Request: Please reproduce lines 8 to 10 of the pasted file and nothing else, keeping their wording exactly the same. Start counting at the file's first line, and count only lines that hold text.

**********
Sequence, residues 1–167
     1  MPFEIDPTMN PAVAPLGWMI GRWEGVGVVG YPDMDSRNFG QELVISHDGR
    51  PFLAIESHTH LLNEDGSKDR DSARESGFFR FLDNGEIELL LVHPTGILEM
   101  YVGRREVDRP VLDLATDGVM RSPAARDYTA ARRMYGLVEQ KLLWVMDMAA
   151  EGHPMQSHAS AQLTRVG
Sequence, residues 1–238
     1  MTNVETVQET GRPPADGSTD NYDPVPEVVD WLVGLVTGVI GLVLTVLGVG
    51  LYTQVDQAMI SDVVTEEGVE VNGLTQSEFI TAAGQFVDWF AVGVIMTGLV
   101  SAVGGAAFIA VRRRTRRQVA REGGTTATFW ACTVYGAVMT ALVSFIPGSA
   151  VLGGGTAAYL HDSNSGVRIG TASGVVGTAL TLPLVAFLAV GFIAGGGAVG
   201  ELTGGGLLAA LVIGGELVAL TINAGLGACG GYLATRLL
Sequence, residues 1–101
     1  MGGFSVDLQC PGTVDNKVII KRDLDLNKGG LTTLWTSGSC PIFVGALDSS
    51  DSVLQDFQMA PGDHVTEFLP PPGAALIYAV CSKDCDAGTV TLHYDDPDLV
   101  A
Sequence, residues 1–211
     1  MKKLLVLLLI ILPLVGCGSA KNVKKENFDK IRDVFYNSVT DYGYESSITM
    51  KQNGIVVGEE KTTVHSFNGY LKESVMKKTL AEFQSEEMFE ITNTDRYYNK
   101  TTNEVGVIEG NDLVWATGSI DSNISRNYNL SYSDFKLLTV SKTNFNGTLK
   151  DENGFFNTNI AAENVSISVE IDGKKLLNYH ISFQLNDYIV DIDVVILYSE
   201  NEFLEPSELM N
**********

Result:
    51  LYTQVDQAMI SDVVTEEGVE VNGLTQSEFI TAAGQFVDWF AVGVIMTGLV
   101  SAVGGAAFIA VRRRTRRQVA REGGTTATFW ACTVYGAVMT ALVSFIPGSA
   151  VLGGGTAAYL HDSNSGVRIG TASGVVGTAL TLPLVAFLAV GFIAGGGAVG